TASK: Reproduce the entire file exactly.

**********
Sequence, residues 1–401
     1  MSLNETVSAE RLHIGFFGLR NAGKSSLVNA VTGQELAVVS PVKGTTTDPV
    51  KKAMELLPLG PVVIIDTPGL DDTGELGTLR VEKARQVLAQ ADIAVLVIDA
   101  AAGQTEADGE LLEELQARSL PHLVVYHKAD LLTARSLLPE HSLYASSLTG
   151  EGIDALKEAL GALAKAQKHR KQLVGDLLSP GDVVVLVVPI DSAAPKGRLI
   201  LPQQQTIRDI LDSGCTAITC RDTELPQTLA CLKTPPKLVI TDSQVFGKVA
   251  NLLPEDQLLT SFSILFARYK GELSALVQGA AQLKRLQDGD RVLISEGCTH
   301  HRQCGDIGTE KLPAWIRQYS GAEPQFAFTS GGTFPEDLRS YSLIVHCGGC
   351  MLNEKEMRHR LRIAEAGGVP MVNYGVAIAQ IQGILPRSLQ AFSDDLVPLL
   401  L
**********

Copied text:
Sequence, residues 1–401
     1  MSLNETVSAE RLHIGFFGLR NAGKSSLVNA VTGQELAVVS PVKGTTTDPV
    51  KKAMELLPLG PVVIIDTPGL DDTGELGTLR VEKARQVLAQ ADIAVLVIDA
   101  AAGQTEADGE LLEELQARSL PHLVVYHKAD LLTARSLLPE HSLYASSLTG
   151  EGIDALKEAL GALAKAQKHR KQLVGDLLSP GDVVVLVVPI DSAAPKGRLI
   201  LPQQQTIRDI LDSGCTAITC RDTELPQTLA CLKTPPKLVI TDSQVFGKVA
   251  NLLPEDQLLT SFSILFARYK GELSALVQGA AQLKRLQDGD RVLISEGCTH
   301  HRQCGDIGTE KLPAWIRQYS GAEPQFAFTS GGTFPEDLRS YSLIVHCGGC
   351  MLNEKEMRHR LRIAEAGGVP MVNYGVAIAQ IQGILPRSLQ AFSDDLVPLL
   401  L